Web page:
What I found more newsworthy is that Dick Williams said, at a recent stop on the Reds Caravan that his objective this season was a World Series championship. I’m not going to try and argue that this team is a serious contender for the World Series. I would be lying to you if I did. Personally, I think the team as currently constructed will go 85-77. I think their ceiling is NL Central champions and there floor is 81 wins. However, if Dick Williams and Nick Krall, who have been honest with their promises to the fan base so far, can truly go “All In” we should see something in the near future that make our beloved Redlegs something to talk about all season.  

I grew up engulfed in baseball. My grandfather had season tickets for the Reds from 1970 until 2002. I was raised in a neighborhood that was essentially the Sandlot set in the 1990's but with even more kids. We played from the minute we woke up until it was too dark to see the ball. Then we'd spend the night at someones house playing baseball video games, talking about baseball cards, or watching it on television. I idolized Barry Larkin as fielder, hitter, and leader. I was fortunate enough to play baseball through high school. Now I am a registered nurse, married way out of my league, and have two amazing kids that will exceed anything I ever do in this life. I am fortunate enough to have a Reds season ticket package with my close friends and family. The Reds ballpark is my second home. Baseball has provided me with some of my most treasured memories shared over four generations.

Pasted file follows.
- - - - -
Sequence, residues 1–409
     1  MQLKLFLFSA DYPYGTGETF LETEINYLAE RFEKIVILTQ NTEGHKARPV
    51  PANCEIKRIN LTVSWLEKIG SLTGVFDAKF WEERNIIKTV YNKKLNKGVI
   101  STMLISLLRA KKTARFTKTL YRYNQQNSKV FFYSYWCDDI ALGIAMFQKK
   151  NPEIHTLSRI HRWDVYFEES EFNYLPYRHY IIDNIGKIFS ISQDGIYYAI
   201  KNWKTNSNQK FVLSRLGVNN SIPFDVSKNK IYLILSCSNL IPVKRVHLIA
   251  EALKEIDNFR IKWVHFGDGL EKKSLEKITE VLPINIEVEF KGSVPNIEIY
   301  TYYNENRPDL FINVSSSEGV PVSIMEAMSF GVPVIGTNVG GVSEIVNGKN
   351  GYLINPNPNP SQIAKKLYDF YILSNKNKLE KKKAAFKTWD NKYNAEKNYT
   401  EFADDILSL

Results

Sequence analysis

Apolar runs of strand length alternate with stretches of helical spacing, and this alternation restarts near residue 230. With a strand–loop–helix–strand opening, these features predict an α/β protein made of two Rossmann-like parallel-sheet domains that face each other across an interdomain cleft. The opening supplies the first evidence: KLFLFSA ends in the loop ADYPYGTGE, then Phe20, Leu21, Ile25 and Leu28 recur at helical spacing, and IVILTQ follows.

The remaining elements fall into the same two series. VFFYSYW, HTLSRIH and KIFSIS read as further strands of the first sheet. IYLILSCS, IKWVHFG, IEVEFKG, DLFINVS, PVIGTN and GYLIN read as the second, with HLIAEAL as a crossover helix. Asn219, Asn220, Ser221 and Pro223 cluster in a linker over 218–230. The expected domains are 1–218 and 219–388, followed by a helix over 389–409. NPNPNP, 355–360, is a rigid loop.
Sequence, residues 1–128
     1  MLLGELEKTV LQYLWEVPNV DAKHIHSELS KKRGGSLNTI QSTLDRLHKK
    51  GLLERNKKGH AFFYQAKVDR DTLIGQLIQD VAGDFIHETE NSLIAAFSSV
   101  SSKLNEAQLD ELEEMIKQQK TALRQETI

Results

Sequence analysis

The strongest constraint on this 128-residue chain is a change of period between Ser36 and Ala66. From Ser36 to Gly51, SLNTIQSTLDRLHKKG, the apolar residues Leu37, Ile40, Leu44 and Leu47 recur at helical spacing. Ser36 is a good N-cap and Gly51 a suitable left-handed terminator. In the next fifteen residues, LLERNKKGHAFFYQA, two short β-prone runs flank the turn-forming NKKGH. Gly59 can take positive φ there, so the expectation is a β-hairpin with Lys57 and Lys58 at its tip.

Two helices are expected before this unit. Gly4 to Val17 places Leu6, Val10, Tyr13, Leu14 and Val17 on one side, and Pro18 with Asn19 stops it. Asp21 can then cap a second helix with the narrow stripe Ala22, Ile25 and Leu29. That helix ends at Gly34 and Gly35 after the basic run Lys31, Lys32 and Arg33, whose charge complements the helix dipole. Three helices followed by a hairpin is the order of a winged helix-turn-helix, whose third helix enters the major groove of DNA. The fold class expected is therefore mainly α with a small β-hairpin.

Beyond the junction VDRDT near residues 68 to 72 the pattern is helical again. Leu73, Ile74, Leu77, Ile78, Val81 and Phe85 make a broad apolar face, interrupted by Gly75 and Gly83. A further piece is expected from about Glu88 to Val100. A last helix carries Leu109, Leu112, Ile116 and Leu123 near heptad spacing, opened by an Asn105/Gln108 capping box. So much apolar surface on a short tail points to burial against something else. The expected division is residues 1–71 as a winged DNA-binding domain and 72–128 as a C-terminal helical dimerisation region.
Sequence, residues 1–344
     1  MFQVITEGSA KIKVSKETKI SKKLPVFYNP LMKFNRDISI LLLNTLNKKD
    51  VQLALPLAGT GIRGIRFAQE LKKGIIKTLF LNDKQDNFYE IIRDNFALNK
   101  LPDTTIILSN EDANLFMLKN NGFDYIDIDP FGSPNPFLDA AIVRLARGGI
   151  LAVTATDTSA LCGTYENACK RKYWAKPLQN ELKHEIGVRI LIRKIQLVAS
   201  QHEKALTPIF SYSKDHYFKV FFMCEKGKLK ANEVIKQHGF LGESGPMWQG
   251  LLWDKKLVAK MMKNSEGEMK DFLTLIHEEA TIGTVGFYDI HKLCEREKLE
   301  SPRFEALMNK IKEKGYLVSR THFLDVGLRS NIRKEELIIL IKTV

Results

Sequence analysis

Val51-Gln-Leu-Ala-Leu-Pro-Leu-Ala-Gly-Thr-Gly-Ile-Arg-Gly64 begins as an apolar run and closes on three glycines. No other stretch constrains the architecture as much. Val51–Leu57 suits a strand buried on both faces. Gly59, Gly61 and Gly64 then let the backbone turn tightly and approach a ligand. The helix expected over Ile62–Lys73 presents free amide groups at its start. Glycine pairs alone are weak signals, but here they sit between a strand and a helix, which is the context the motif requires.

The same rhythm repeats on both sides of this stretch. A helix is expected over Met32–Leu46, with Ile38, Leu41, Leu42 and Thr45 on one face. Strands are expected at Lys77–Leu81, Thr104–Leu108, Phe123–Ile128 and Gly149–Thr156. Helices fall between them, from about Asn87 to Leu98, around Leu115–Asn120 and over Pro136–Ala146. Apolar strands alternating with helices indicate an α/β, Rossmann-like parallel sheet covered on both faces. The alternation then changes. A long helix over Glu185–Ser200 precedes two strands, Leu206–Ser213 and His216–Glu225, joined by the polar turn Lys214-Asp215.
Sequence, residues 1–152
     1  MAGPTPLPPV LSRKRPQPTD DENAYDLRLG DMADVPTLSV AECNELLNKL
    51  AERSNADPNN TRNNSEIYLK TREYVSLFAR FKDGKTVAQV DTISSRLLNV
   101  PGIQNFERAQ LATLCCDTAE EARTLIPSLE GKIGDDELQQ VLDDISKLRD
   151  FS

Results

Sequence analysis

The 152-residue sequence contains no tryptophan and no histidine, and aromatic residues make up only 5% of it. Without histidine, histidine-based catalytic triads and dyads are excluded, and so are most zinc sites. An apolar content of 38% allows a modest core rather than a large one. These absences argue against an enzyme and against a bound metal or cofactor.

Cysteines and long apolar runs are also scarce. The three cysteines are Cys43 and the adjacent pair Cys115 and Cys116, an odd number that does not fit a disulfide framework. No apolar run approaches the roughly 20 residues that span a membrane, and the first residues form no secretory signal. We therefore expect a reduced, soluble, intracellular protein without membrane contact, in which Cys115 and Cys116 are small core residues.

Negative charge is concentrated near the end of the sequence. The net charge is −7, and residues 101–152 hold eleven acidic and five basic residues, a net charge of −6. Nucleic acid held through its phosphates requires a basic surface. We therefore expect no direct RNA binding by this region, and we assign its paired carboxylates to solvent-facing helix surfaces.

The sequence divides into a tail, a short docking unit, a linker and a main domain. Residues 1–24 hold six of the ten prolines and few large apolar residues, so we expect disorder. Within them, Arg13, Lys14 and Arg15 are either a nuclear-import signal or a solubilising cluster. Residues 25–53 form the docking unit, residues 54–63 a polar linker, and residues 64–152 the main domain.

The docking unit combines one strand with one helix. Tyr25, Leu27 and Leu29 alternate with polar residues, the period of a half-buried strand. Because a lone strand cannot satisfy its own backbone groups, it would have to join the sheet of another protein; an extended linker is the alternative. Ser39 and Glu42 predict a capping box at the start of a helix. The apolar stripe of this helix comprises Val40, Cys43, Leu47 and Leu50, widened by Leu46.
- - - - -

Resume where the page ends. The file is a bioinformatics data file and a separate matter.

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Cincinnati Reds

Cincinnati Reds Bounce Back & Breakout: Bullpen

Here are two names to look out for from the Cincinnati Reds bullpen in 2021

Clay Snowden

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The Reds bullpen will look different in 2021. Robert Stephenson, Archie Bradley, Raisel Iglesias, Nate Jones and many now “Obscure Former Reds” are gone. Iglesias at times was lights out. Bradley had a short stint with the Reds, but a dominant one. Although these guys are gone, it will leave the door open for some other players to step up and fill these roles.

New Names in the mix (on 40 man) : Brandon Bailey, Edgar Garcia, Jeff Hoffman, Riley O’Brien, Noe Ramirez, Jared Solomon, Art Warren, Tony Santillan